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Article
April 1965

The Histopathology of Early Central Retinal Artery Occlusion

Author Affiliations

San Francisco

Arch Ophthalmol. 1965;73(4):506-510. doi:10.1001/archopht.1965.00970030508011
Abstract

The classic ophthalmoscopic picture of total central retinal artery occlusion is well known, as is the histopathologic picture of old postocclusive change in the retina and optic nerve. The etiology of central retinal artery occlusion is varied, and is thought to include such diverse mechanisms as atheroma formation,1 emboli of atheromatous2 and non-atheromatous nature,3 spasm of the central retinal artery, dissecting aneurysm,4 migraine,5 and foreign body obstruction.6 The purpose of this paper is to report a case of central retinal artery occlusion in which the patient died 68 hours following his occlusion. Both eyes were subsequently studied histologically. Because postocclusive scarring had not had time to develop, the mechanism by which arterial occlusion had occurred could readily be seen. The associated retinal changes are also reported.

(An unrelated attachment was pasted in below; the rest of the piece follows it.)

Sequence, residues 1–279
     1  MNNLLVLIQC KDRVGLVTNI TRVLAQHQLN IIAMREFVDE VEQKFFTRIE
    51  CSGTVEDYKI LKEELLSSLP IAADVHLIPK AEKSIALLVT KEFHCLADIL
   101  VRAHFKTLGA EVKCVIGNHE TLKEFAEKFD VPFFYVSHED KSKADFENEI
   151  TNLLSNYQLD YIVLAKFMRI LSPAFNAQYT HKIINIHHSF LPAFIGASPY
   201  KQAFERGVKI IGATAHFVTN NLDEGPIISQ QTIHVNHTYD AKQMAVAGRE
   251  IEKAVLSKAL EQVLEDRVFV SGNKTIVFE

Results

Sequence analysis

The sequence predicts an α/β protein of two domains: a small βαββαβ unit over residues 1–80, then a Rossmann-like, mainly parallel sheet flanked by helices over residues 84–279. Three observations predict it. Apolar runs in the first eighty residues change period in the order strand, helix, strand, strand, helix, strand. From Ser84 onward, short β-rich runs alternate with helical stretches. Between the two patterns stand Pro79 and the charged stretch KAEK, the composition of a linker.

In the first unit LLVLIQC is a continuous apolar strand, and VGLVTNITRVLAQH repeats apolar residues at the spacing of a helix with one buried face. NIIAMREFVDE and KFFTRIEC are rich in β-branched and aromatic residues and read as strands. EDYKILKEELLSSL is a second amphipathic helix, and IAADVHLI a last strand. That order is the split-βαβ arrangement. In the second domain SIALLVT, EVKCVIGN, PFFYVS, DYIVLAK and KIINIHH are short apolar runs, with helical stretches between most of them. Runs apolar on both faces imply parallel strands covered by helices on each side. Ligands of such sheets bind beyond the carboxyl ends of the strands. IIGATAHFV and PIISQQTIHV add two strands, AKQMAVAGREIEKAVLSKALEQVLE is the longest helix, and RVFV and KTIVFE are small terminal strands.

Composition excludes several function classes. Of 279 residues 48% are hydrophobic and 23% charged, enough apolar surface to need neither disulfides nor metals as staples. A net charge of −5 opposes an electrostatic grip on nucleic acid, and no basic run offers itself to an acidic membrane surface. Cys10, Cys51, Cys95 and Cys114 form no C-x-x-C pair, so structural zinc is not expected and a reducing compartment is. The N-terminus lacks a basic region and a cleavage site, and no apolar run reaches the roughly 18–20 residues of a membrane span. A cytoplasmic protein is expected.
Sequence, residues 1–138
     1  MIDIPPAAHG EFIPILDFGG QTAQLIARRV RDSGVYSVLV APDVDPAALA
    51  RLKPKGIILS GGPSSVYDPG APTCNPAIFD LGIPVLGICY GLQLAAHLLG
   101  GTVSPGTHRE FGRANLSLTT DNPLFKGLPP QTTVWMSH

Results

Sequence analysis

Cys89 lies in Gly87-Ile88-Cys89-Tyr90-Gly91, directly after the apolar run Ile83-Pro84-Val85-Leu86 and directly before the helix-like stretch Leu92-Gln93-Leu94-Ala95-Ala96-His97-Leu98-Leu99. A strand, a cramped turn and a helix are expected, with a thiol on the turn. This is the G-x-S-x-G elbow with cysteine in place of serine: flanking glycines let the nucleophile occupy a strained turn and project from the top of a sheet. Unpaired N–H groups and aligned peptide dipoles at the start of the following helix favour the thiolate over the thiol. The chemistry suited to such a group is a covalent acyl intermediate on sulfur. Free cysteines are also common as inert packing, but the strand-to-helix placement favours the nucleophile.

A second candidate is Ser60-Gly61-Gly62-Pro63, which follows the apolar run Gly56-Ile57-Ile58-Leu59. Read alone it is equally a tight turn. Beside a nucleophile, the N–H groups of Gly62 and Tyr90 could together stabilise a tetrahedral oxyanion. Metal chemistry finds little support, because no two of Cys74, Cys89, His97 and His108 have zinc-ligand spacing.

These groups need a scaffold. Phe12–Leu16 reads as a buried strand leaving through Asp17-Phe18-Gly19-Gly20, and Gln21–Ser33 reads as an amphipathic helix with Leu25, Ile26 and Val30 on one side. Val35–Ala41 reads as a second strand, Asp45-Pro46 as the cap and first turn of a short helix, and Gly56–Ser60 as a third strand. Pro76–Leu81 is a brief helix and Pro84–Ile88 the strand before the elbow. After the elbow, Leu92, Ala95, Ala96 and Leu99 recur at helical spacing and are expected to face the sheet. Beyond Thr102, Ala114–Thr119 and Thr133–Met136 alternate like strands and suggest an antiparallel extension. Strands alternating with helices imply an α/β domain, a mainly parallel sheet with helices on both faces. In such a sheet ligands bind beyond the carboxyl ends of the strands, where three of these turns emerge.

Report of Case  The patient, a 49-year-old white male physician with a long history of moderate hypertension with

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